Monday, February 1, 2010

Kilroy Café #61: "The Dilemma of the Public Restroom"

Here is the latest Kilroy Café philosophy essay. You can click on the image above for a larger version or print it out on a single page via the pdf file. The full text is also below. Also see other Kilroy Café newsletters and the KilroyCafe Twitter Feed.

The Dilemma of the Public Restroom
A Microcosm of Social Policy


Sounds like good public health policy: Give people a place to do their excretory business so they don't have to do it in the street. In civilized societies, there are public restrooms in train stations, highway rest stops, shopping malls, restaurants, etc. Unfortunately, the condition of them is often deplorable. Without active and expensive maintenance throughout the day, things go bad very quickly.

Why? Because people abuse public restrooms horribly! They fail to flush the toilet. They urinate and defecate on the seats and don't clean it up. Drug addicts use the stalls to shoot up. Homeless people bathe there. Obsessive-compulsives and germaphobes use far more toilet paper than they need, layering the seat or clogging the toilet and leaving their mess behind.

The chief dilemma of the public restroom is that most people who use it have no stake in its cleanliness. It isn't "their" restroom but someone else's. They probably won't be back, so they won't have to suffer any direct consequences. Security cameras aren't allowed, so everyone is anonymous and no one can be held accountable.

It's nice to say we should all work together for the common good, respecting public spaces and cleaning up after ourselves. Most people probably behave this way, but it takes only a few dysfunctionals to ruin it for everyone else. Their behavior draws down the standards for everyone else, until even the good people stop caring.

The end result is that no organization is eager to provide restrooms to the public unless they are required to by law or profit. Business owners put up signs saying, "Restrooms for Patrons Only." They simply have no choice.

You could say that this problem illustrates conservative principles: If you give people something for free, they are bound to abuse it. The solution, the conservatives might say, is to not provide these public services. If you make people fend for themselves, they'll feel more responsible for their actions. (Unfortunately, it also means they'll start pooping in stairwells.)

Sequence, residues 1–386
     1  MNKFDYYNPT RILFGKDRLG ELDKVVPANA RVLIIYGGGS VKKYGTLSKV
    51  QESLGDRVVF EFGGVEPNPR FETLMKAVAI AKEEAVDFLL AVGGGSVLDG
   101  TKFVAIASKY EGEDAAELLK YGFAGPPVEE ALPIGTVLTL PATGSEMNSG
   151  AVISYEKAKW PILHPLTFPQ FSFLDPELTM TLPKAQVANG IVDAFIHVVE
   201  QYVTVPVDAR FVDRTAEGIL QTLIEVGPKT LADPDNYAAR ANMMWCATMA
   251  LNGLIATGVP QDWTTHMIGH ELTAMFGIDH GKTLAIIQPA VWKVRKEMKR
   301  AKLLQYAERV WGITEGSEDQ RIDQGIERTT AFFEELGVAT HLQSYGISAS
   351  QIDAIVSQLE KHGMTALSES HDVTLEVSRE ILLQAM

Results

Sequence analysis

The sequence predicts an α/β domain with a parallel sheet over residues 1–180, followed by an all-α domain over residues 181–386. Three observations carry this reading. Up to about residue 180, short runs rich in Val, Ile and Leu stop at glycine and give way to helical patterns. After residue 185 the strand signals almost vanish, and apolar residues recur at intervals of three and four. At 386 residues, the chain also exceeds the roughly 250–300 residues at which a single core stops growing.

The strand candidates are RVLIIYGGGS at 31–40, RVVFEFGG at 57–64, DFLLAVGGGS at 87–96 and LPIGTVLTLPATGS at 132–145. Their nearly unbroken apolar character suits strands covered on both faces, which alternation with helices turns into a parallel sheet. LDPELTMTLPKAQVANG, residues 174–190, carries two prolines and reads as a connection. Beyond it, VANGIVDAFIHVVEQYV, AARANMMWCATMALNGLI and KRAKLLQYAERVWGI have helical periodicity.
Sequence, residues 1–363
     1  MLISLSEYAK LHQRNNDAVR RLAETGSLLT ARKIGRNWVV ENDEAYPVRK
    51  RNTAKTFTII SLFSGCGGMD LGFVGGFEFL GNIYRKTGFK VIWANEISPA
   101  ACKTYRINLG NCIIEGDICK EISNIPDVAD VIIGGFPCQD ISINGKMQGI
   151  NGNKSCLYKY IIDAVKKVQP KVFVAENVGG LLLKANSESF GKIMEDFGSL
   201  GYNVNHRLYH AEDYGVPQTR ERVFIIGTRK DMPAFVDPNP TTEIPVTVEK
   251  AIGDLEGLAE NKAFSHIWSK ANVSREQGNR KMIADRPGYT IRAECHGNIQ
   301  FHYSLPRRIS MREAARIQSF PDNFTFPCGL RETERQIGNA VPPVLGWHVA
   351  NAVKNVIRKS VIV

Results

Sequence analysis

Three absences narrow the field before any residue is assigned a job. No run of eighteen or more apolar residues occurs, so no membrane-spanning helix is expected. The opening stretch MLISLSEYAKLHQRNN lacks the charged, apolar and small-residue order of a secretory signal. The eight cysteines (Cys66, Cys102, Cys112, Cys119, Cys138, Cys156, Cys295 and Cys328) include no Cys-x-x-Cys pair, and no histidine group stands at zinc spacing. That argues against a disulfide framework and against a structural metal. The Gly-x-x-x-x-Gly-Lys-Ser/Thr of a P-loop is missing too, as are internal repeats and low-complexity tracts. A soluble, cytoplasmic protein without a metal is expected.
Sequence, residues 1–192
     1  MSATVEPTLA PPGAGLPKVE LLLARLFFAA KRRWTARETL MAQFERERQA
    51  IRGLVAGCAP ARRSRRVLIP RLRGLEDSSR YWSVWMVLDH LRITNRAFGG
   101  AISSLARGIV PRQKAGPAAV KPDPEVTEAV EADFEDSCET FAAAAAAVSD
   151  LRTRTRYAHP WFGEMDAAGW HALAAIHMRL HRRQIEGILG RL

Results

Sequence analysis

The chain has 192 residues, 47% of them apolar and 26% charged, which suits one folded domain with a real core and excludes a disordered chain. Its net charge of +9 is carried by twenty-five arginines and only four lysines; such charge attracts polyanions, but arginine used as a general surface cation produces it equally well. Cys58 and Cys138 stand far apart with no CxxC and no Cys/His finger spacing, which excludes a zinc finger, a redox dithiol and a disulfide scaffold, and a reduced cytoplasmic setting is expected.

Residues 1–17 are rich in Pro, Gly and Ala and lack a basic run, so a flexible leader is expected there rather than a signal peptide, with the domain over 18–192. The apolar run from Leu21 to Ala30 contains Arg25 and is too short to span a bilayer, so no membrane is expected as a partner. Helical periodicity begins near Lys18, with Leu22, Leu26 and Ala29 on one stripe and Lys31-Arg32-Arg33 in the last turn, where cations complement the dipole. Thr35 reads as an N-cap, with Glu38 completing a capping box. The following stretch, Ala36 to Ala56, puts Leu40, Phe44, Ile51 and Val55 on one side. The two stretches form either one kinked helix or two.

But at another level, it could also illustrate liberal theories. If you give a corporation unrestricted access to a "public restroom"—that is, publically shared resources—then the corporation will abuse the privilege just like individuals do. If there is profit in it and only shared consequences, no self-serving entity would refrain from polluting the river that all of us drink from. Government has to set boundaries.

Both views are valid. Public restrooms have to exist and be actively regulated (liberal), but access can't be too easy (conservative). There are reasons it's hard to find a restroom in Manhattan. The natural restroom shortage provides "pushback" that encourages people use private facilities whenever possible. Public facilities in train and bus stations may have to be nasty to drive patrons to other options.

In a broader sense, whenever you provide a public service, it has to be costly for those who use it to discourage overuse. For example, if you impose long lines on people to obtain welfare payments or food stamps, a good portion will give up and get jobs instead. You can't make public services seem too easy or attractive, or people will take them for granted and start abusing them.

There is no technological solution to the restroom dilemma. Automatic pay toilets in New York were a failure because addicts and prostitutes treated them as rental units. Automatic toilet flushers seem like a good idea until you realize their long-term effects: training people not to flush toilets and making them even more detached from their own bodily processes.

The best of all possible worlds is probably what we have now. Public restrooms have to be unpleasant! They have to exist (to prevent disintegration of public health) but they can't be too available. There have to be regulations in place to prevent wide-scale abuse, and the police have to come by occasionally and sweep out the human garbage.

There is only one business with reliably pristine restrooms: casinos! Turns out, the obsessives, impulsives and socially irresponsibles—i.e. the cretins who mess up public restrooms—are the same irrational people who keep the gaming industry going! Along with buffets and flashing lights, ultra-clean toilet facilities apparently help draw them in.

So now you know where to go for a nice restroom!

—G .C.

©2010, Glenn Campbell,
See my other philosophy newsletters at
First draft written at a rest area on Interstate 65 in Indiana.
Released from Providence, R.I.
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